Returning to school after vacations, large or short, can be stressful for many children. The reasons for academic stress are different:, new subjects that were not there last year, a large volume of assignments and workloads, old debts in exams and tests that will have to retake, or the upcoming graduation year. But what unites them is that the child feels regular or even constant anxiety and anxiety due to school and school.

Stress can be increased by the expectation of greater independence, organization and responsibility for academic performance on the part of parents, teachers, and the child himself, who may feel stupid if he forgets to write down homework assignments, misses a test deadline, or does not understand a new topic. …

The good news is that parents can help their children learn to cope with learning stress and before academic performance gets out of hand.

Child psychologist Wendy Moss recommends several ways to support you.

1. Talk to your child about how he sees this problem.
Try to understand what exactly is interfering with his studies. Children are very discerning, and by asking the right questions, you can get to know the situation better from the perspective of the child himself, and not just the people around him. This means that we must unite in the search for a solution to the difficulties that have arisen.

2. Help your child learn useful skills in planning, organizing, and time-managing their classroom work.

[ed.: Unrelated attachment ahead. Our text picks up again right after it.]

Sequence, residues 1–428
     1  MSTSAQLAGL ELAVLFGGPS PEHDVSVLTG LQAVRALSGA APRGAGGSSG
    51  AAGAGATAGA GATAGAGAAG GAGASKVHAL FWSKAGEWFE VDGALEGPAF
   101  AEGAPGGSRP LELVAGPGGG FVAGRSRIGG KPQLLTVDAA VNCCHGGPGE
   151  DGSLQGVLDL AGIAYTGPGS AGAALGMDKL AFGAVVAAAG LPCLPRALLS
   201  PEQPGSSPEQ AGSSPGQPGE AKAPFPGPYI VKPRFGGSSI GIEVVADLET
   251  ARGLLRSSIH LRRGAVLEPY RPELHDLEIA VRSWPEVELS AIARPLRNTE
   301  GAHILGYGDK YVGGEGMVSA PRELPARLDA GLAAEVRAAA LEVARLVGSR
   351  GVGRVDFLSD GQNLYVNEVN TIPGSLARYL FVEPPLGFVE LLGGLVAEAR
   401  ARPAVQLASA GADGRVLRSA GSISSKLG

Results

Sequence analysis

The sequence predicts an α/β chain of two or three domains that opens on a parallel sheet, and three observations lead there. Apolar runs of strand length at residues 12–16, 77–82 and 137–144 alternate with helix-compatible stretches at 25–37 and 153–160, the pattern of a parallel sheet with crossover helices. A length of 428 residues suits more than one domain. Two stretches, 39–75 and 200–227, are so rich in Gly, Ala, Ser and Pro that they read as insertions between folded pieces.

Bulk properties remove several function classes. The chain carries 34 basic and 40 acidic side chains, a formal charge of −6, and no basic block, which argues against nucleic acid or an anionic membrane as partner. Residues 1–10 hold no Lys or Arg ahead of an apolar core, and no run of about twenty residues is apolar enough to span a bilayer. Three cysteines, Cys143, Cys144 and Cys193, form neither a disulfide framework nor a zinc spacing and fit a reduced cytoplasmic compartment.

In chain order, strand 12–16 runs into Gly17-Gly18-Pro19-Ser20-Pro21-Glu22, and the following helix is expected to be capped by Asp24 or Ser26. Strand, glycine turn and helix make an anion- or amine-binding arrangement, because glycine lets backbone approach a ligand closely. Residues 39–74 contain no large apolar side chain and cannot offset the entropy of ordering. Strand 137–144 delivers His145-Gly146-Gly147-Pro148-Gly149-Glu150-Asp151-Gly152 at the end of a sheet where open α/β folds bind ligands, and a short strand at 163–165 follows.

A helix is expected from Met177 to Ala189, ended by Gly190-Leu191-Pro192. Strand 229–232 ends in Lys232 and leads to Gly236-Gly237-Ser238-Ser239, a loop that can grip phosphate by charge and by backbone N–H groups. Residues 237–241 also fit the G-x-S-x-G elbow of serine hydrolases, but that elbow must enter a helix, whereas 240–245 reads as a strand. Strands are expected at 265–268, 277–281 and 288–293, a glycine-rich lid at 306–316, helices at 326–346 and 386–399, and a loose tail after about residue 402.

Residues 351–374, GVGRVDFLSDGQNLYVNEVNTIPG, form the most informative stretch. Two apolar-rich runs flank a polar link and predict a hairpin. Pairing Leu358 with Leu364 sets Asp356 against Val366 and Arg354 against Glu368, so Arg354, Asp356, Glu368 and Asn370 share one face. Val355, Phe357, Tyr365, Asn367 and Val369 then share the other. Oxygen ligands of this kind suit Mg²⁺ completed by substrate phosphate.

Many homework problems for example about are associated not with a lack of ability, but with distractions (phone, TV, noise during homework preparation), insufficient ability to organize the workplace and time (begins to prepare for the test at the very last moment; forgets the necessary books; doesn’t know where to start and therefore puts it off).

3. Support your child by teaching him how to make difficult work easier.
Learning anxiety is especially pronounced in children with long and difficult assignments (such as exams). This can suppress the child’s self-confidence and cause a desire to avoid, hide, get away from their implementation. Help him divide the big work into small steps that in themselves will no longer seem impracticable, and move from one “step” to another until the entire “ladder” is overcome.

4. Build your child’s self-confidence.
This is a very important part of dealing with learning stress. Constant disappointments can turn anxiety into chronic, and all the strength and energy of the student will go to it. Pay attention if the child compares himself too much to his peers. Or maybe he strives for unattainable perfection (perfectionism) and because of this he is constantly dissatisfied with himself (“I’m so stupid!”). Or, perhaps, he believes that he should only do all the study assignments on his own, without asking for help.

If you notice something similar, take the time to discuss these issues with your child and help him not to be alone with his worries, but to learn to trust himself and other people more. And for prolonged anxiety, when learning stress does not decrease or even increases, it can be helpful to seek support from a teacher or psychologist to discuss options for helping your child.